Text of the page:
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Medical Center Improves
By Karen P. Kolb
Although GIS is a well-established management tool for tax assessment, planning, and transportation, health care GIS applications are relatively new. Baystate Medical Center in Springfield, Massachusetts, treats illnesses, addresses medical issues, and analyzes health abnormalities using GIS. GIS gives health care providers at Baystate a better understanding of the medical needs of the community so they can improve care.
The GIS program at Baystate is part of a communitywide resource-sharing effort. Baystate has partnered with the planning, police, and health and human services departments of the City of Springfield. Led by Amy Pasini, manager of GIS and Injury Prevention in the Department of Surgery, the Baystate GIS program takes a multidisciplined approach toward solving community problems and meeting patients' needs. "The GIS program enables us to track what injuries occur, where, when, and to whom," says Pasini. Because Baystate is one of the busiest trauma centers in New England, Pasini notes that, "GIS is an incredibly helpful tool for us."
Understanding Causes in Context
According to Jane McCall, an epidemiologist/research biostatistician with the Department of Surgery, "GIS allows us to link environmental, demographic, and temporal factors with health events to better understand their causes. This helps us in planning effective treatment and prevention strategies." Using GIS, health care professionals can confirm or deny perceptions about the cause and effect relationships of illness and accidents. By combining traditional data analysis with spatial data, analysts can see relationships that would not otherwise be apparent. Understanding the population that uses Baystate's services lets the medical center better allocate resources and focus efforts based on fact, not perception.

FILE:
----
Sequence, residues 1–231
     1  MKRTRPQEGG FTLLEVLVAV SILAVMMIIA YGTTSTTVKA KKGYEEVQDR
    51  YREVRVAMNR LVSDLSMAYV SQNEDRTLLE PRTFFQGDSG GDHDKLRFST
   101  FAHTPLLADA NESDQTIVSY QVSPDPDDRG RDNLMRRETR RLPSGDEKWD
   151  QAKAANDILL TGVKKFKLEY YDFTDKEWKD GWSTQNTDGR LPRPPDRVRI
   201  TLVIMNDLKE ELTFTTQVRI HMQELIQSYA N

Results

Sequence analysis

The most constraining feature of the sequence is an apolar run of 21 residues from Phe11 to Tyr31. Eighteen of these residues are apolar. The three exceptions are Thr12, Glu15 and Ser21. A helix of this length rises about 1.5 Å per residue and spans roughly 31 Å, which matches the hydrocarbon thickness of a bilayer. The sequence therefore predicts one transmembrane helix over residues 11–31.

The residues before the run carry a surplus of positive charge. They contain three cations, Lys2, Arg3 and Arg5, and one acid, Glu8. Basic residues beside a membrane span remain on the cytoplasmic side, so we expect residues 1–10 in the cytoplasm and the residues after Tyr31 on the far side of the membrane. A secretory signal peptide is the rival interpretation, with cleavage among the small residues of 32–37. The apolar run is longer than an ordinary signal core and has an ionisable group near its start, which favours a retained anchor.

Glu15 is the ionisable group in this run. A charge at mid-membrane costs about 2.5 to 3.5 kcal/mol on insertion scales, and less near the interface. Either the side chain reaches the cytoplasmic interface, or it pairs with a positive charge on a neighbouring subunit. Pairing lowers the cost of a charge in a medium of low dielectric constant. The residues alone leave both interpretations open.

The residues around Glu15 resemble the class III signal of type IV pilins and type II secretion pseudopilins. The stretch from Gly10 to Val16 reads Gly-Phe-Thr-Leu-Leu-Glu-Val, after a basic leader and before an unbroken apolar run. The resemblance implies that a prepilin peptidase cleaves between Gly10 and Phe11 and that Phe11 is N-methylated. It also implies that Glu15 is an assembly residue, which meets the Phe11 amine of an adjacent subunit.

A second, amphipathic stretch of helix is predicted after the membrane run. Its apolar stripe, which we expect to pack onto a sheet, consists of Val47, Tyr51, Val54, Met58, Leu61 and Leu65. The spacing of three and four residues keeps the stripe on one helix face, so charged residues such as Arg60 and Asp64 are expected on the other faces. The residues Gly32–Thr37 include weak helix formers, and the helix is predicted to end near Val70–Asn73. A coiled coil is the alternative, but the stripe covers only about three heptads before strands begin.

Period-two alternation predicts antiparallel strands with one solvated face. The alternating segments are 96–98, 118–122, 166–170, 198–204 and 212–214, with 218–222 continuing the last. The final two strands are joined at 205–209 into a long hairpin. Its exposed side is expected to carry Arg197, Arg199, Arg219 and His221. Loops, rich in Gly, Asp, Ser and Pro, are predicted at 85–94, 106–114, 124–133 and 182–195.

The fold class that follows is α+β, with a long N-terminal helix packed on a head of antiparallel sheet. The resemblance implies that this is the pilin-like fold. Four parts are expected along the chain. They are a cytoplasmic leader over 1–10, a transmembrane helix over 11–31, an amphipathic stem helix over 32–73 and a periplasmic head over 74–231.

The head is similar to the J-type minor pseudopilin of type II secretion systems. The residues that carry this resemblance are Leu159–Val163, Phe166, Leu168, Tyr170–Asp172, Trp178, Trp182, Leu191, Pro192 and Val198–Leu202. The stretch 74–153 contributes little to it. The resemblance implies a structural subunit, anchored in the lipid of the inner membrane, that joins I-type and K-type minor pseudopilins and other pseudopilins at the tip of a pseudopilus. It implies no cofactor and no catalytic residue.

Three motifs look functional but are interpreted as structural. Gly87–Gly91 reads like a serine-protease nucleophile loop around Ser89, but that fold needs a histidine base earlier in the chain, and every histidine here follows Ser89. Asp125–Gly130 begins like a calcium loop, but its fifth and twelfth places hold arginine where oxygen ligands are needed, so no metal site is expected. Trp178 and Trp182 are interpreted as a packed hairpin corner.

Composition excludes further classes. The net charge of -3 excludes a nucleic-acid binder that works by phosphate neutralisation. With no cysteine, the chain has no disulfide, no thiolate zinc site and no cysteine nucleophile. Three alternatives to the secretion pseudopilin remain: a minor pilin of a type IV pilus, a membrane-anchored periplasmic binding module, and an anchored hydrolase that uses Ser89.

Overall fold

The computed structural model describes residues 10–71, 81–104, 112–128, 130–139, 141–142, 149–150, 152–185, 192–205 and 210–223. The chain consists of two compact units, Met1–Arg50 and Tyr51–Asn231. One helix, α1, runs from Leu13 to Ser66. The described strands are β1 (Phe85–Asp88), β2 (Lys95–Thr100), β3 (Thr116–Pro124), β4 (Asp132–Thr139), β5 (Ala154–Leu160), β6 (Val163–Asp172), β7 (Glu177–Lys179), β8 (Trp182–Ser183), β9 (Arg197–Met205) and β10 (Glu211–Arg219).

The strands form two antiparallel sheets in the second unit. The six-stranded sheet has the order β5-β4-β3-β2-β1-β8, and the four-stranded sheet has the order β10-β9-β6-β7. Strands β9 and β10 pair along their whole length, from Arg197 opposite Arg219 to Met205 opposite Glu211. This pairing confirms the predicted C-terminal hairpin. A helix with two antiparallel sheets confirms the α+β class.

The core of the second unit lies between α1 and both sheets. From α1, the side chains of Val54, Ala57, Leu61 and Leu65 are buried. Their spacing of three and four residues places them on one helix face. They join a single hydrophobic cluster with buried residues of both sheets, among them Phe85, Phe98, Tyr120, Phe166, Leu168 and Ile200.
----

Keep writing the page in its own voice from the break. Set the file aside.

Although Baystate shares data with City government partners and community organizations such as the Citywide Violence Prevention Taskforce, all personal identifiers have been removed, ensuring confidentiality. Data is recorded on diskettes and hand delivered rather than transmitted over the Internet. Maintaining data confidentiality and integrity is a paramount concern and vital to Baystate's success and credibility.
Initially, the program has focused on two demonstration projects--the After-School Youth Violence Program and the Late-Stage Breast Cancer Program. The Community Policing Unit, Injury Prevention Department at Baystate, and the Violence Prevention Task Force of Springfield work on the youth violence program. Baystate receives reports of violence from the Springfield Police Department. The department and Baystate map the data temporally and geographically, locating hot spots in the community. Relating the hot spots to other factors, such as vacant housing sites, liquor establishments, and schools, helps police focus activities in those areas. The youth violence program uses information about incidents and the youth involved to target demographically appropriate intervention strategies.